So it must have been quite a coup for my father when he discovered intel that a North Vietnamese 5-star general was going to be visiting a certain village not far from where his battalion was stationed. I can imagine my father entering the command center, fired up, showing the Colonel on the map where the enemy would be, and telling him they had to authorize a platoon to go behind enemy lines and capture him. What a wealth of information that General could be! What a loss to the enemy. It could turn the tide of the war, at least in their part of the jungle.

I don’t know how hard it was to convince the Colonel, but my father got his authorization. A platoon with helicopters was assigned to him. He planned out the mission: how they would fly behind enemy lines, avoid being spotted, approach the village low to mask the sound of the helicopter blades, where to land, which building the general would be in, where his guards would be stationed, how they would take them out, how much time they had to capture the general before reinforcements would arrive, and how they would get back to base.

His mission plan was approved and the battalion carried out his orders. It was a bold move. No one had ever captured a 5-star general before. But my father was bold, wasn’t he? When he committed to something, there was no second guessing, no backing down. Right or wrong, Tim Peary was going forward.

My father as a young lieutenant.

I can imagine him on that day, pacing the command center. He wouldn’t be allowed to go of course. If things went wrong, they couldn’t risk his capture. That would be as good as giving the enemy all their plans. So, he had to wait – listening to the reports as they came in, answering any questions the Colonel had, and praying God gave them victory that day.

For my father was devoutly religious, as you know. His parents weren’t very religious, but my father chose the Episcopalian church rather early on [sorry again, Pastor Andy, but he eventually came around in the end, right?]. He said the formal, Episcopalian prayers gave his soul the structure it needed to express his feelings freely. A structure that set him free. That always stuck with me. Another thing you might not know about my father was that he devoutly required our family to spend almost an hour every night reading the lessons and saying the Lord’s prayer and a good chunk of the evening Compline from the Book of Common Prayer, like the Song of Simeon. My father would read the Old Testament, my mother would read the Psalms, and I would read the New Testament. Every night. I think this was part of my father’s heart compass. It was his evening realignment to what was right. But back to Vietnam.

I can imagine my father listening to shouted updates over the radio, perhaps even gunfire. I can imagine him biting his nails. I can imagine him demanding information from the radio operator.

Then, the report came back in – they had captured the General!  He must have been overjoyed. Validation – his plan had worked. All that effort and planning had finally paid off. What a difference this could make in the war. His Colonel probably slapped him on the back and invited him to dinner that night at the Officers’ Club.

My father in airborne training.

What did it feel like to see the helicopters land back at base and face the man you were responsible for capturing? A North Vietnamese 5-star General. First one ever. Had they just taken the head off the enemy forces? Would he be the one to interrogate him? Could they pull enough intel out of this man to dismantle their operations?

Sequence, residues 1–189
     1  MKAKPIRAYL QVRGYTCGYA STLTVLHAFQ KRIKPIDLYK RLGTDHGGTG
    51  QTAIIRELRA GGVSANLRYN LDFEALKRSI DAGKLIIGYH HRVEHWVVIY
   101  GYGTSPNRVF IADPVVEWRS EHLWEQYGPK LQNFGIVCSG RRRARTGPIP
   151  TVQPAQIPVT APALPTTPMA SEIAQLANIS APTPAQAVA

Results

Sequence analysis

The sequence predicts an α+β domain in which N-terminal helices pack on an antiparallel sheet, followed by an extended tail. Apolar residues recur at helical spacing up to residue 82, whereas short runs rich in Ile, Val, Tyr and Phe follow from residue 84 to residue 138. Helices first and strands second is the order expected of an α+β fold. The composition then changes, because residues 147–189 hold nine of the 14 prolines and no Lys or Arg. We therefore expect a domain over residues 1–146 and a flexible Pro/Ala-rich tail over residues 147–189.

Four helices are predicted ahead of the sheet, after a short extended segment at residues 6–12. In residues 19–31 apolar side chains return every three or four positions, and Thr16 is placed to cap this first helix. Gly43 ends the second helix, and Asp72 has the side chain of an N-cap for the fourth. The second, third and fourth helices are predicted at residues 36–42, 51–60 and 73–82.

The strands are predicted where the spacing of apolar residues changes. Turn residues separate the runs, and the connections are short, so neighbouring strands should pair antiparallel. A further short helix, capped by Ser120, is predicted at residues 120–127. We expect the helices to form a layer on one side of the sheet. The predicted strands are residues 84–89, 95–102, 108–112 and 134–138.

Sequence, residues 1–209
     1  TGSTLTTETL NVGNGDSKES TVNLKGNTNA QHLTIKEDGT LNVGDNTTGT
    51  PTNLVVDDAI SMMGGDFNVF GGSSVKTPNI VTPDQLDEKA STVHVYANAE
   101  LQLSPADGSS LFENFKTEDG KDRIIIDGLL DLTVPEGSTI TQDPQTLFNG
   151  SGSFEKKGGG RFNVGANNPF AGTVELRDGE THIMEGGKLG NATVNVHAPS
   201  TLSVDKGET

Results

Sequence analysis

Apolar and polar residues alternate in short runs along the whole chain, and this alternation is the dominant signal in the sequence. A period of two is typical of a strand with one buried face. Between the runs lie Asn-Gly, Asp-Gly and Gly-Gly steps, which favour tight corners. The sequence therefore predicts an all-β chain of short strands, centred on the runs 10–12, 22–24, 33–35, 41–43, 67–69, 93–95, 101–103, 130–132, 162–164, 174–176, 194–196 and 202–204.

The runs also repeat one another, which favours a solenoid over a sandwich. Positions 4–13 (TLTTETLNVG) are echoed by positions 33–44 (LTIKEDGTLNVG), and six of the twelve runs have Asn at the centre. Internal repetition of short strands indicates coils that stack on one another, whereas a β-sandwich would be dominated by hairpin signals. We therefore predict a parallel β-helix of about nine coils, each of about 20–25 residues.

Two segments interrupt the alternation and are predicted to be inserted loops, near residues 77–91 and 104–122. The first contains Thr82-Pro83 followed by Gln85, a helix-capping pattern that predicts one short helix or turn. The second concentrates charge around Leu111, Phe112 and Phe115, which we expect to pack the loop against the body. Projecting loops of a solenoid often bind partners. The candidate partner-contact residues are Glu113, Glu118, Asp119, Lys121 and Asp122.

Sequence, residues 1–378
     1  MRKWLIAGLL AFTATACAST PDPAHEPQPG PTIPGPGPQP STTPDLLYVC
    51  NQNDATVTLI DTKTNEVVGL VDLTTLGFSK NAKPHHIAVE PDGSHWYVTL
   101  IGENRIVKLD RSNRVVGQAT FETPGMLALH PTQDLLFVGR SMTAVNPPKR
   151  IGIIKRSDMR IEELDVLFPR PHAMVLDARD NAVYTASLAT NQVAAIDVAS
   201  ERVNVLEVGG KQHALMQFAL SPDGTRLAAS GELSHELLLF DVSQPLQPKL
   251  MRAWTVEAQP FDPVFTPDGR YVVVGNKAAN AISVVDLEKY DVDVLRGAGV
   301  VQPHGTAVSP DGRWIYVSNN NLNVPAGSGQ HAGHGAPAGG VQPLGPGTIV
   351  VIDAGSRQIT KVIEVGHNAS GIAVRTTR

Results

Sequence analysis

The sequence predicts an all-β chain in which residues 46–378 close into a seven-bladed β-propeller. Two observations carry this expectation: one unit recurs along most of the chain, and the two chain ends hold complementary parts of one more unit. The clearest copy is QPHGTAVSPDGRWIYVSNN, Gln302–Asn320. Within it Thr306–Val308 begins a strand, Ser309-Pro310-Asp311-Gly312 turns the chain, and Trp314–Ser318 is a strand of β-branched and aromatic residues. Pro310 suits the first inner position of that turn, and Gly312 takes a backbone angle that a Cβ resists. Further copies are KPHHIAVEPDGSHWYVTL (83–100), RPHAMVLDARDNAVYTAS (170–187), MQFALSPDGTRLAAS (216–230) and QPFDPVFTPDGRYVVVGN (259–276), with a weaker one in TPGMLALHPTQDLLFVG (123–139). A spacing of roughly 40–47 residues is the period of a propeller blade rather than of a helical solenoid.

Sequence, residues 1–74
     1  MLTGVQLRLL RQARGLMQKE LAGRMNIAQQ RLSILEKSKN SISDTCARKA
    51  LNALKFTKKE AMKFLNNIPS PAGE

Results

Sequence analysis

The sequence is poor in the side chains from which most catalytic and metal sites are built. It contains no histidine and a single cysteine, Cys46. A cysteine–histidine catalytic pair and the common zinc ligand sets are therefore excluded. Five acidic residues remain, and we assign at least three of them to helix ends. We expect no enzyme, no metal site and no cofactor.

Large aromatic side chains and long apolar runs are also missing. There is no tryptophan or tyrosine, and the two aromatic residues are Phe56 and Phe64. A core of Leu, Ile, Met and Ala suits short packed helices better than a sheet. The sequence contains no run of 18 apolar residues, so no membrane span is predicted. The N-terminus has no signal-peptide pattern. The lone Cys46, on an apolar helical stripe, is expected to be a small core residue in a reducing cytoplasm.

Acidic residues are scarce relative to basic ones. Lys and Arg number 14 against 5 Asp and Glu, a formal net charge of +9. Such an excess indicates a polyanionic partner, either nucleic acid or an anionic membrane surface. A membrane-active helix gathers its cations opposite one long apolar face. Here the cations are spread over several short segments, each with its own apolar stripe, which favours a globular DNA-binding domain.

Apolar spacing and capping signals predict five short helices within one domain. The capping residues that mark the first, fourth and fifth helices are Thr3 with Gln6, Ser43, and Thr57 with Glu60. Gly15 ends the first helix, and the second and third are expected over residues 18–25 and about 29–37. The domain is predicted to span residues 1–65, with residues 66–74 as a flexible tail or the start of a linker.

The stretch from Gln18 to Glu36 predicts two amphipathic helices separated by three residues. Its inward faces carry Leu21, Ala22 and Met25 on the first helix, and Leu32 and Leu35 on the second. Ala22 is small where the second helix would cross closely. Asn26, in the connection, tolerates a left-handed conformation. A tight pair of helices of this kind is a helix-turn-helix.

I don’t know but there must have been one heck of a celebration at the base that night. They probably bought him more rounds of drinks than he knew what to do with. Slaps on the back, questions about how he did it, talks of promotion. I hope he enjoyed it. It might have been the greatest night of his life.

And word travelled fast. The very next day, the Pentagon called. From Washington, D.C. all the way to the jungles of Vietnam. Captain Peary was summoned to the Command center. What in the world could the Pentagon want? Were they calling to congratulate him? Promote him? Question him? It must have been the second most nerve wracking moment of his life. I hope he wasn’t too hungover.

I’m guessing his battalion commander, the Colonel, delivered the news. The Pentagon was ordering them to release the General. From somewhere up above, a deal had been struck. They were to return the General to his village. No explanation. No details. Just do it.

This was the dark fire that consumed my father’s dreams. This was the sadness in his heart. My father had dedicated his life to serving his country and fighting for what was right. His greatest achievement, his greatest moment of service, had been ripped away from him without a whisper of why. I can’t imagine the pain, the sense of betrayal. He had been 100% loyal, had laid down his life, the lives of his brothers, and for what?

My father in his cavalry uniform

Worse, it shook the foundation of what he knew to be right about this world. He had built his life around the belief that he could serve no higher purpose than defending his country, of fighting the enemies of his people, of laying down his life for others. If they weren’t fighting for what was right, what was he doing?

I’m sure his brothers in arms tried to console him. They probably bought him even more drinks the second night. I know they offered him a promotion. The paperwork had already been submitted to raise him to Major, but my father’s heart was no longer in it. What was the point? How could he make plans to risk his brothers’ lives when any hill they captured might be given right back?